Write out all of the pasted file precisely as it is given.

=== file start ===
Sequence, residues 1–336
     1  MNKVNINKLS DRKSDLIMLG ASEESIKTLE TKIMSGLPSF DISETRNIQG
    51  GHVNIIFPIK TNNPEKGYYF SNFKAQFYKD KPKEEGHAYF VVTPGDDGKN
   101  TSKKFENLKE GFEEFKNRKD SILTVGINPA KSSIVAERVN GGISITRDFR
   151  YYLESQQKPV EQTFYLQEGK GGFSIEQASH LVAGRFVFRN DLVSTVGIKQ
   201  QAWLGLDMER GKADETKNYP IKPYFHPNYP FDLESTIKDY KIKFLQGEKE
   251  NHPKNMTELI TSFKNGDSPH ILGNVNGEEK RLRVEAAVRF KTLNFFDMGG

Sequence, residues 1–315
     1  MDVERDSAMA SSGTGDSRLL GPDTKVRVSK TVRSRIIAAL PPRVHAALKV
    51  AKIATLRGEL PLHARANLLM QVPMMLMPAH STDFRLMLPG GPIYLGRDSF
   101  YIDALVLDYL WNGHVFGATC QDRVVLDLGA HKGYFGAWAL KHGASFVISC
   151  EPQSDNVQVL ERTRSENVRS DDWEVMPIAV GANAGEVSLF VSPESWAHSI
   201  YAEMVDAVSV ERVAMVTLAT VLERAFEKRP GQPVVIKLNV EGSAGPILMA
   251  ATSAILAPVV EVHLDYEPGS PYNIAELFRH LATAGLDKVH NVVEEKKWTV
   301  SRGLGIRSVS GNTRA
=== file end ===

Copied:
Sequence, residues 1–336
     1  MNKVNINKLS DRKSDLIMLG ASEESIKTLE TKIMSGLPSF DISETRNIQG
    51  GHVNIIFPIK TNNPEKGYYF SNFKAQFYKD KPKEEGHAYF VVTPGDDGKN
   101  TSKKFENLKE GFEEFKNRKD SILTVGINPA KSSIVAERVN GGISITRDFR
   151  YYLESQQKPV EQTFYLQEGK GGFSIEQASH LVAGRFVFRN DLVSTVGIKQ
   201  QAWLGLDMER GKADETKNYP IKPYFHPNYP FDLESTIKDY KIKFLQGEKE
   251  NHPKNMTELI TSFKNGDSPH ILGNVNGEEK RLRVEAAVRF KTLNFFDMGG

Sequence, residues 1–315
     1  MDVERDSAMA SSGTGDSRLL GPDTKVRVSK TVRSRIIAAL PPRVHAALKV
    51  AKIATLRGEL PLHARANLLM QVPMMLMPAH STDFRLMLPG GPIYLGRDSF
   101  YIDALVLDYL WNGHVFGATC QDRVVLDLGA HKGYFGAWAL KHGASFVISC
   151  EPQSDNVQVL ERTRSENVRS DDWEVMPIAV GANAGEVSLF VSPESWAHSI
   201  YAEMVDAVSV ERVAMVTLAT VLERAFEKRP GQPVVIKLNV EGSAGPILMA
   251  ATSAILAPVV EVHLDYEPGS PYNIAELFRH LATAGLDKVH NVVEEKKWTV
   301  SRGLGIRSVS GNTRA